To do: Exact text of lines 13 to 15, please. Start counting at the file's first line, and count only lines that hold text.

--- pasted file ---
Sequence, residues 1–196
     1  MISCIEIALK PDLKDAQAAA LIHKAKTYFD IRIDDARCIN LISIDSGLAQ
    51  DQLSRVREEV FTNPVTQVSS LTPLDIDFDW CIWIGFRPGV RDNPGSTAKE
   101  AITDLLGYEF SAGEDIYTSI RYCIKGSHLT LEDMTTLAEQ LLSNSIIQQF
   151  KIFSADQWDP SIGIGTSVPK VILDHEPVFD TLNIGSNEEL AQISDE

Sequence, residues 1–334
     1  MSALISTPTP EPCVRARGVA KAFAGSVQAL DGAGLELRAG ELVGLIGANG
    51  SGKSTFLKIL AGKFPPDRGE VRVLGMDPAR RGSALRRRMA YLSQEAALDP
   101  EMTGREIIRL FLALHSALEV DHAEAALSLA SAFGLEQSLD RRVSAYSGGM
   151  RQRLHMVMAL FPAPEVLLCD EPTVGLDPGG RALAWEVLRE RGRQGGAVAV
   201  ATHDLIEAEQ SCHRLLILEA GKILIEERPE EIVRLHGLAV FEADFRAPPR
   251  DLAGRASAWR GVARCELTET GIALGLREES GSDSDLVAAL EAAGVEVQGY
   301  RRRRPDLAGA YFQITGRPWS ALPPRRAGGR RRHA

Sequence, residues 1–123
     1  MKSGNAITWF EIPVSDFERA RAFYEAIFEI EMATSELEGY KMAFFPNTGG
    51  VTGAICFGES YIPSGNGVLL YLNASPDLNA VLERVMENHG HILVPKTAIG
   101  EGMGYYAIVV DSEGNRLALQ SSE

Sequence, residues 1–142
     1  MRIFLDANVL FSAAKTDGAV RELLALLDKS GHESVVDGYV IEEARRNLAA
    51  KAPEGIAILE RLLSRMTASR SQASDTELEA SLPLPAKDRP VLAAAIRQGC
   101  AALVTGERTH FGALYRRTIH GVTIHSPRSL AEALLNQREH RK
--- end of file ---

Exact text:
   301  RRRRPDLAGA YFQITGRPWS ALPPRRAGGR RRHA

Sequence, residues 1–123
     1  MKSGNAITWF EIPVSDFERA RAFYEAIFEI EMATSELEGY KMAFFPNTGG